Also known as atopic dermatitis, eczema is characterized by an itchy, red rash —similar to the symptoms associated with allergic skin reactions. While environmental allergies typically don’t cause eczema, they can trigger a flare-up or worsen eczema by further irritating your child’s already sensitive skin.

Common irritants in a child’s environment can include pet dander, dust mites, pollen, cigarette smoke, and mold. Certain fabrics (such as wool) can also aggravate a child’s skin, as well as scented products (perfumes, dyes, etc.). Being in excessive heat or a particularly dry climate are also believed to be catalysts for eczema.

Another form of eczema — allergic contact dermatitis — occurs when your skin comes in contact with something you’re allergic to, such as a certain metal. Exposure to poison ivy, poison oak, and poison sumac can also cause allergic dermatitis.

What you can do

  • Keep your home clean. Dust often and be sure to vacuum carpets frequently.
  • Get rid of dust mites by washing bedding, curtains, and stuffed animals every 1-2 weeks in very hot water.
  • Dust mites thrive in a moist environment, so keep your home’s humidity at below 50 percent. If it’s too high, you might need to get a dehumidifier.
  • Wash clothes in a detergent that is made for sensitive skin and is fragrance free. The same goes for soap, gel, and lotions that are put directly on the body.
  • Close your windows during peak allergy season in the spring and fall.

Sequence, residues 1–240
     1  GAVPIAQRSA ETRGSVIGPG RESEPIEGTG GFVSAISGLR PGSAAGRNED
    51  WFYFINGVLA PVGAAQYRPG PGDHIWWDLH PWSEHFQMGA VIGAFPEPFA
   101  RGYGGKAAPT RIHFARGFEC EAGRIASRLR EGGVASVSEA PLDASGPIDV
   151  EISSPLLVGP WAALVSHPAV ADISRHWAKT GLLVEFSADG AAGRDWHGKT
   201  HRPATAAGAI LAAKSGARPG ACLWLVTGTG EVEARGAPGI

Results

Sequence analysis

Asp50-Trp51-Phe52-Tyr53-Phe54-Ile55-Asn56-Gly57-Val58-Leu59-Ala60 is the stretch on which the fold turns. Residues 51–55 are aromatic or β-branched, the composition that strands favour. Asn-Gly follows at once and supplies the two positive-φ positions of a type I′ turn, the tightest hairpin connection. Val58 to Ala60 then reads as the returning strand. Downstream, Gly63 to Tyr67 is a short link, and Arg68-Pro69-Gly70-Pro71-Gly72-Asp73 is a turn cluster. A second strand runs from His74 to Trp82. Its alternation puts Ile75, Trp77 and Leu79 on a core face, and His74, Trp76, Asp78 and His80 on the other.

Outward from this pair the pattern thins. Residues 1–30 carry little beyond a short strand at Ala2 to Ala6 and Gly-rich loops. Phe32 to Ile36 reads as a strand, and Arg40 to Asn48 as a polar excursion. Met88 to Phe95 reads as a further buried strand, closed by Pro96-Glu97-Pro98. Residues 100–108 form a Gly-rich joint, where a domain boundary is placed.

• In the winter, keep the air in your child’s bedroom moist with a cool mist humidifier.
  • Don’t allow smoking in your home or around your child.

Takeaways

  • While environmental allergies usually don’t cause eczema, they can trigger a flare up or worsen the condition.
  • Common allergens include pet dander, dust mites, pollen, cigarette smoke, mold, and certain fabrics.
  • Allergic contact dermatitis occurs when your skin comes in contact with a substance and you have a direct allergic reaction to it.
  • Dust often, keeping windows closed during allergy season and prohibiting smoking in your home to keep environmental allergens at bay.

References

  1. National Eczema Association. Infant and Toddler Eczema.
  2. American College of Allergy, Allergy & Immunology. Eczema in children.
  3. American College of Allergy, Allergy & Immunology. Indoor Allergens.
  4. University of Maryland Medical Center. Eczema.

Comments

Tell us who you are! We use your name to make your comments, emails, and notifications more personal.

Tell us who you are! We use your name to make your comments, emails, and notifications more personal.